The Paris attacks gave him the opportunity to apply his anti-immigrant platform, and he did, which means the attacks themselves weren’t responsible for his rise, strictly speaking. This is a subtle but important consideration, since it suggests he may not see a bump in response to the Brussels attacks unless he finds a way to harness them into an inspiring (well, inspiring to fearful voters) anti-immigrant message.

The problem is that while in November the Syrian refugee crisis was a prominent news item, there is nothing of comparative newsworthiness going on today in that same category. The question of whether to embrace Syrian refugees has largely receded from the current news cycle. This means whatever Trump says in response to Brussels might come across as contrived, or at any rate less inspirational to some Republican voters, than what he said late last year proved to be.

In Destabilizing Times, People Seek Leaders

Of course, it’s hard to use the data we have to confidently predict what will occur going forward. This is not due to a deficiency in the data, but rather due to the nature of the 2016 elections. A 2001-2004 study by the sociologist Robb Willer found that government-issued terror warnings generated a bump in support for the president. Willer’s conclusion is that “fear of external attacks leads to increased support for standing leaders.” Yet the 2016 race doesn’t have an incumbent running.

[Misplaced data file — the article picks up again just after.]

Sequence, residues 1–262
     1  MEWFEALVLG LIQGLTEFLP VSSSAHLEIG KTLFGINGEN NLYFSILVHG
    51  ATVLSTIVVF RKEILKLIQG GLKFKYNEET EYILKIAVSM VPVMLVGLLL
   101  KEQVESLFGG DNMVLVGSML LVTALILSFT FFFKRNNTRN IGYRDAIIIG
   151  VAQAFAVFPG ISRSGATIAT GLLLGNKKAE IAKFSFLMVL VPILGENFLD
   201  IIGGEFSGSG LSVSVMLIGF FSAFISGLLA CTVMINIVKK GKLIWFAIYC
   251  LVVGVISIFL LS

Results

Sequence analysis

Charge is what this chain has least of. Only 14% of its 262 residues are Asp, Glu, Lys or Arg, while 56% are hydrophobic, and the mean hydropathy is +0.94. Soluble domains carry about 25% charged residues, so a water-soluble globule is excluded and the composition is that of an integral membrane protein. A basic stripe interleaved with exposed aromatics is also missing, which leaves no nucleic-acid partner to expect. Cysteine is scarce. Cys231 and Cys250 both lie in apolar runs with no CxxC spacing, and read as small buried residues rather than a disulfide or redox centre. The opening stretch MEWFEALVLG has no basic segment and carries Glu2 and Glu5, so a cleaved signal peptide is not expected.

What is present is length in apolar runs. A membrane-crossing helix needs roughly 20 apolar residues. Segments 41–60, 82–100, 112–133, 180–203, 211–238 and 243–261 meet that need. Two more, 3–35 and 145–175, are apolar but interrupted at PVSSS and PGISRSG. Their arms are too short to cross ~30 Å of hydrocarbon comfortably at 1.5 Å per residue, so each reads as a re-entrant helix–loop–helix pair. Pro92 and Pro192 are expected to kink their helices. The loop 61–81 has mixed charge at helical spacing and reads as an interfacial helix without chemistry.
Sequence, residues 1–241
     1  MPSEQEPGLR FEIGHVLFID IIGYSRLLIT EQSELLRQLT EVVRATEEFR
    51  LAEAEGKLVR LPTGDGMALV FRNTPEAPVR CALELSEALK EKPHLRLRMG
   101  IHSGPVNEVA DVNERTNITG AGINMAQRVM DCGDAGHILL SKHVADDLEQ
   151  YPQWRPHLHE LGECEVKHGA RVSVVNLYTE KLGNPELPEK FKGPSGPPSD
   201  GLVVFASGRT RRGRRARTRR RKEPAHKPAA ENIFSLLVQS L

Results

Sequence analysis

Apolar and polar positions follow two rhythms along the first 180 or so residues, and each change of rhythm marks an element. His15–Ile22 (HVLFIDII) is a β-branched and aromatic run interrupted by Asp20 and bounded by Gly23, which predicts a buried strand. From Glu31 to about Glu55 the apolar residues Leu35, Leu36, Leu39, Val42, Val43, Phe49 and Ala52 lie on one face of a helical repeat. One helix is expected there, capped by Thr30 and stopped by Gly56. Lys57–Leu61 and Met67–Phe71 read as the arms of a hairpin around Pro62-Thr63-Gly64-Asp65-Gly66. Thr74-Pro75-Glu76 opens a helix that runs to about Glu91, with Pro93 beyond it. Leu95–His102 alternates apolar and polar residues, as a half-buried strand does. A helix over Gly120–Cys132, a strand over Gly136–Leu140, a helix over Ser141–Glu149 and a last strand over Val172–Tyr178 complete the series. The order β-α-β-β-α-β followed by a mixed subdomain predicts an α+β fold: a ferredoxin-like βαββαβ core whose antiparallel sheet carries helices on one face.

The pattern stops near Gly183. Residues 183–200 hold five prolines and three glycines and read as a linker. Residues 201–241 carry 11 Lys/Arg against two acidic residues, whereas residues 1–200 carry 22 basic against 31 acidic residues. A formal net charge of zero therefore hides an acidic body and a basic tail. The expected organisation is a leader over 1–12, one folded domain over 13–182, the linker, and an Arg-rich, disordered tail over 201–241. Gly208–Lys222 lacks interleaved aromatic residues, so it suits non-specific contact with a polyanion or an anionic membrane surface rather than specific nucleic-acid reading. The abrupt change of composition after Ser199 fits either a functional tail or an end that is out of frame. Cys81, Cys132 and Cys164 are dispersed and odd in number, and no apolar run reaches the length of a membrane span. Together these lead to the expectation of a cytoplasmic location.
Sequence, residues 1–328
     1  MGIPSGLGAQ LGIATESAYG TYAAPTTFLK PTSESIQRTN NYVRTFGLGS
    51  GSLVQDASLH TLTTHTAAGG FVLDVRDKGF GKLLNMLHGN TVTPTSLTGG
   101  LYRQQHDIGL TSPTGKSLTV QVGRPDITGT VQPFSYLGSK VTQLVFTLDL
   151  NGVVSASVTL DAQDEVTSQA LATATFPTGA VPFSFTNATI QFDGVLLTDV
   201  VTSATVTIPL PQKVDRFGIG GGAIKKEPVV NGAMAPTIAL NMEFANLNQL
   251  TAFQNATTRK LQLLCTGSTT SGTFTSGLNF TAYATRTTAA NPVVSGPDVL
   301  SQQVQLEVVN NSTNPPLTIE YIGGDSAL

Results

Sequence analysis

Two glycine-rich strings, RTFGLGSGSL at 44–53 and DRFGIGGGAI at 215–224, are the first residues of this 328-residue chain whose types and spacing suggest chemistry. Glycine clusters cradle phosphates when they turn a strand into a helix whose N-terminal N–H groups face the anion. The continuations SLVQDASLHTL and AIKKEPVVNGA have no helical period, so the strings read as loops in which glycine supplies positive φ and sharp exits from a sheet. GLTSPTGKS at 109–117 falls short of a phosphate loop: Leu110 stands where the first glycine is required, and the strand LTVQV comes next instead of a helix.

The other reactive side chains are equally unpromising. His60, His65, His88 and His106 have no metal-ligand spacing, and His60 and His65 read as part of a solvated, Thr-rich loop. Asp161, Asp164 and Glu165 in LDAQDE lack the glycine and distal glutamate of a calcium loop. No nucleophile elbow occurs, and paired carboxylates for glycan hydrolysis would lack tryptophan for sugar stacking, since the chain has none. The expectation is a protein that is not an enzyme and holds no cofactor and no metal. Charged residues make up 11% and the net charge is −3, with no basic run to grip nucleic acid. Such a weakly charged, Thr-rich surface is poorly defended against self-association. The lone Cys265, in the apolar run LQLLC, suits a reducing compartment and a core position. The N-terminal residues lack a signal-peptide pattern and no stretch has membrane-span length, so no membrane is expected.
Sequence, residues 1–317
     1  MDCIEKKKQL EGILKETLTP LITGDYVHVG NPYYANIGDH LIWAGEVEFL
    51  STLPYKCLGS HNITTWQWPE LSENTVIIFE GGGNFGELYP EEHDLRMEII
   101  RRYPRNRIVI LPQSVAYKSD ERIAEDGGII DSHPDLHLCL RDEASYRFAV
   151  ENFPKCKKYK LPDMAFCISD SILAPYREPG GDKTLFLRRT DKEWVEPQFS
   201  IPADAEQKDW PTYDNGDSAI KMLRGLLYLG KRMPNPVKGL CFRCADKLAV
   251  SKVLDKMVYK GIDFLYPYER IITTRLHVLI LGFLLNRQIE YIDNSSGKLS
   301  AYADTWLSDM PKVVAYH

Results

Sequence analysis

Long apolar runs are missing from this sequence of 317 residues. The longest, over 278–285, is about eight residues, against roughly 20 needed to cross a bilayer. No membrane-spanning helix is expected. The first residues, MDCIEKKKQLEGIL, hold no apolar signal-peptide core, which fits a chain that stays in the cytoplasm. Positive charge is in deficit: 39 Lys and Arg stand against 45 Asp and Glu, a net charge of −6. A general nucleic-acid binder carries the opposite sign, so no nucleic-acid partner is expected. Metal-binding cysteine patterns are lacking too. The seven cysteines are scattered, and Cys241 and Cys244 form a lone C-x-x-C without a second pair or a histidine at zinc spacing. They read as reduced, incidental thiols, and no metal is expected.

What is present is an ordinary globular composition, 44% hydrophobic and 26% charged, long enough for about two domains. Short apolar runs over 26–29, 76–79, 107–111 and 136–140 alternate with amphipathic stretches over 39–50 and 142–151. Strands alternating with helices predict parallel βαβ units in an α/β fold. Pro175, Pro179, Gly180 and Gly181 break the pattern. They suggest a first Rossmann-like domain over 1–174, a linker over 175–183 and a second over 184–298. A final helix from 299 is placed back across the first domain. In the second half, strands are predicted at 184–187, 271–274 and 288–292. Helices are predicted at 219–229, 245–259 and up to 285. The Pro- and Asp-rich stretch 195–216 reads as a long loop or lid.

What makes all of this hard to apply to this year’s race is that it’s unclear what sort of leadership voters will prefer.

In a 2009 study, political scientists Jennifer L. Merolla and Elizabeth J. Zechmeister found that terror threats cause voters to weight leadership into their decision more heavily than they would during “good times,” defined as a period characterizable by “positive indicators about the economy, health, and the environment.” Terror can even destabilize, the same researchers find in a later study, the stability of democracy within a regime and can erode confidence in democratic norms among a citizenry.

But what makes all of this hard to apply to this year’s race is that it’s unclear what sort of leadership voters will prefer: Trump’s corporate leadership combined with a rhetorical strategy that eschews political correctness and evokes nationalistic fervor? Or Hillary Clinton’s executive leadership combined with a rhetorical strategy aimed at avoiding inflaming hostilities between us and the broader Muslim world? Or can Cruz, whose numbers on terrorism are solid, emerge to rally the “strong leadership” vote then bury Clinton with her record of foreign policy missteps?

We will have to wait to find out.